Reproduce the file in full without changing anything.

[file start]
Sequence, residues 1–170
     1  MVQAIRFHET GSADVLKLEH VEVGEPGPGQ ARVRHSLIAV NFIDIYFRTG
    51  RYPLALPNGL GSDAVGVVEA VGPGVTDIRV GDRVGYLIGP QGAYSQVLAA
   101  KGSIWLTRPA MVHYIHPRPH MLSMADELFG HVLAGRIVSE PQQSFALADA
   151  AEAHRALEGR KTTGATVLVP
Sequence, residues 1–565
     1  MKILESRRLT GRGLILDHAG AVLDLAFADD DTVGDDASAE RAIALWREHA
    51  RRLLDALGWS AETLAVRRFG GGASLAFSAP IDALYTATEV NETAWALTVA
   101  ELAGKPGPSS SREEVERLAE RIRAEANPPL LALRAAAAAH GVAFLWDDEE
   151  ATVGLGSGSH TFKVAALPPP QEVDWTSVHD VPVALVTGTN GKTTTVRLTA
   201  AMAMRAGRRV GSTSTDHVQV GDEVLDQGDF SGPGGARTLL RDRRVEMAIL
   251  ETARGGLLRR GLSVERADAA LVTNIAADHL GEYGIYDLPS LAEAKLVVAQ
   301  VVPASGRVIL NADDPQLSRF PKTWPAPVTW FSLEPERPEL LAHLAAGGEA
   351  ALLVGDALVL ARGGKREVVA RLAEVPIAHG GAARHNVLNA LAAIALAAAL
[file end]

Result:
Sequence, residues 1–170
     1  MVQAIRFHET GSADVLKLEH VEVGEPGPGQ ARVRHSLIAV NFIDIYFRTG
    51  RYPLALPNGL GSDAVGVVEA VGPGVTDIRV GDRVGYLIGP QGAYSQVLAA
   101  KGSIWLTRPA MVHYIHPRPH MLSMADELFG HVLAGRIVSE PQQSFALADA
   151  AEAHRALEGR KTTGATVLVP
Sequence, residues 1–565
     1  MKILESRRLT GRGLILDHAG AVLDLAFADD DTVGDDASAE RAIALWREHA
    51  RRLLDALGWS AETLAVRRFG GGASLAFSAP IDALYTATEV NETAWALTVA
   101  ELAGKPGPSS SREEVERLAE RIRAEANPPL LALRAAAAAH GVAFLWDDEE
   151  ATVGLGSGSH TFKVAALPPP QEVDWTSVHD VPVALVTGTN GKTTTVRLTA
   201  AMAMRAGRRV GSTSTDHVQV GDEVLDQGDF SGPGGARTLL RDRRVEMAIL
   251  ETARGGLLRR GLSVERADAA LVTNIAADHL GEYGIYDLPS LAEAKLVVAQ
   301  VVPASGRVIL NADDPQLSRF PKTWPAPVTW FSLEPERPEL LAHLAAGGEA
   351  ALLVGDALVL ARGGKREVVA RLAEVPIAHG GAARHNVLNA LAAIALAAAL